The physical presence of the actors has always been one of theatre's trump cards over film and television. The latter forms might boast greater liberties of setting and narrative style - but, in the end, theatre always has proximity up its sleeve, the suggestion that you might find yourself within the immediate sphere of influence of a great performer.
And you could hardly get closer than you can at the Gate Theatre in London right now, a pub theatre venue which almost always presses audience and actors into an unusual degree of intimacy (the auditorium is just a little larger than a single car carriage). This closeness is taken even further with its production of The Emperor Jones - Eugene O'Neill's odd expressionist drama about the downfall of a tin-god African despot. Richard Hudson's design for the play sets all the action in a sunken sandpit - around which the audience sit in a single line of seats. As a result the actors are never much more than 10 feet away - and quite often within inches.
One result of this is a kind of theatrical amplification. Paterson Joseph has rightly received glowing reviews for his performance as Jones - at first, cocky and swaggering, but soon dissolving into gibbering, superstitious terror as his subjects rebel and he is then forced to flee through a forest haunted by his own fears and memories. But it can't have hurt his critical reception that his "in your face" interpretation of the role is often unmetaphorically in your face.
The other result of this proximity is what I can only describe as a kind of theatrical embarrassment. It could be that this is just me. I've always disliked those theatrical productions which think it interesting to break the fourth wall and mingle actors in with the audience.
I remember, in particular, an excruciating couple of minutes trying to dissuade an actor in the RSC's celebrated adaptation of Nicholas Nickleby from "selling" me a muffin - all part of a pre-performance pantomime in which the cast roamed the auditorium fraternising with the punters. He didn't want to exchange badinage with me and I certainly didn't want to bat banter back at him but, thanks to a directorial conceit of John Caird's or Trevor Nunn's (I'm not sure which) we were obliged to go through the motions to construct a factitious sense of togetherness.
And while Thea Sharrock's production never tries anything equally gauche, the mere physical circumstances of the theatre mean that awkwardness sometimes arises. I chose a seat, for example, that put me within inches of Paterson Joseph's opening speech, which was delivered from just behind my left ear.
This presented a nice question of etiquette. Did I pretend he wasn't there and stare rigidly forwards, or did I swivel and watch, in which case I would have had an unimpeded view up both his nostrils? I chose the former - on the grounds that it might not help his concentration to have my face suddenly loom out of the darkness beneath him. But perhaps the back of my head - apparently indifferent, but actually horribly attentive to every vibration and pulse of breath - was even worse?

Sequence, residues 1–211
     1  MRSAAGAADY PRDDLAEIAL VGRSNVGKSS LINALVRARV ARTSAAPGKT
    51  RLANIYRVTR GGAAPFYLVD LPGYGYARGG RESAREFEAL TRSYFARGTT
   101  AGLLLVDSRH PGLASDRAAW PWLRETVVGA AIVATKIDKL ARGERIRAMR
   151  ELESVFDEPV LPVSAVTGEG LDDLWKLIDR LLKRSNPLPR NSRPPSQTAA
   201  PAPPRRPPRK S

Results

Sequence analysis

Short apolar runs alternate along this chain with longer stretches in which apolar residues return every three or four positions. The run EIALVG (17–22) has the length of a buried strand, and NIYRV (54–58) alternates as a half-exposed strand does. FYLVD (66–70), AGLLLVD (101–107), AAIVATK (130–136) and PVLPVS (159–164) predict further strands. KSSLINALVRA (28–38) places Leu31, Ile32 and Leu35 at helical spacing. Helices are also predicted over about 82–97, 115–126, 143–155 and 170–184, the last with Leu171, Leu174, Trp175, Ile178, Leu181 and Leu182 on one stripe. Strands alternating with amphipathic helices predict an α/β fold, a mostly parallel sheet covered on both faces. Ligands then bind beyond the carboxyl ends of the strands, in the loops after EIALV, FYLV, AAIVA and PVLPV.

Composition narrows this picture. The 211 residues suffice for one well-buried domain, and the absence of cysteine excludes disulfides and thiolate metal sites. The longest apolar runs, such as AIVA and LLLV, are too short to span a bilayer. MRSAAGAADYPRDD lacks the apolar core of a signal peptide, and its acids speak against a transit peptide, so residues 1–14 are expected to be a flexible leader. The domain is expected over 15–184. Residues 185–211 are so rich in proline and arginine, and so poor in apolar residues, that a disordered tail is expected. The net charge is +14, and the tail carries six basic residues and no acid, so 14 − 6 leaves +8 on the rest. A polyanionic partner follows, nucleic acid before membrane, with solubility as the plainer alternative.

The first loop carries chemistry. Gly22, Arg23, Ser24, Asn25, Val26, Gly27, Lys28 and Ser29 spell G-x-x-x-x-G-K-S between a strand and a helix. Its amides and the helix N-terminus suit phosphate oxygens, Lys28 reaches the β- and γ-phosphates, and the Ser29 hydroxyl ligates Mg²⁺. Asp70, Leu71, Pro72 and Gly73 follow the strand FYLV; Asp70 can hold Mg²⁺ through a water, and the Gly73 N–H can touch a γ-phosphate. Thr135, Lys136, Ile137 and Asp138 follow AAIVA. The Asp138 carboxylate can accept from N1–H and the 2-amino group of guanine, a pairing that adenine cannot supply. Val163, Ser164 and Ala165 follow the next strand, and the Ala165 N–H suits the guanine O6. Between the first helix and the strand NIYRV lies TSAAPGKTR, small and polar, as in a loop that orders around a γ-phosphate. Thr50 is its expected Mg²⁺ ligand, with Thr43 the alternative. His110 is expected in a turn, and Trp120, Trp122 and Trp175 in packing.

The fact that, rather literally, I didn't know where to look got me thinking about this kind of bashfulness in the theatre - and the subject returned when I visited the new Unicorn Theatre last weekend to see their opening production, Tom's Midnight Garden. My children insisted on sitting in the front row - which was fine but again took me outside my own comfort zone - which generally requires a protective barrier of at least four rows. The problem with getting closer, I realised, is intimacy - often a theoretical goal in a dramatic performance - but one that isn't always furthered by nose-to-nose scrutiny.
This is partly a matter of the forgiving veil that distance adds to any kind of theatrical illusion. If you can see that an actor's wig has started to peel away from a sweaty forehead it can become almost impossible to concentrate on what they're saying. But it's also because getting inside the personal space of an actor requires you take what they do personally. You're no longer an invisible member of the audience but an individual. You see every bead of sweat and facial twitch - and it becomes almost impossible to ignore the fact that a professional pretender and a fictional chimaera are temporarily inhabiting the same skin. Is that a feeling, you wonder, as the actor contorts his or her face, or just a calculation?
A very powerful performance can sometimes blast that self-consciousness away again. But in, general, if you want an actor to really touch you, I suggest that you stay well out of reach.Reuse content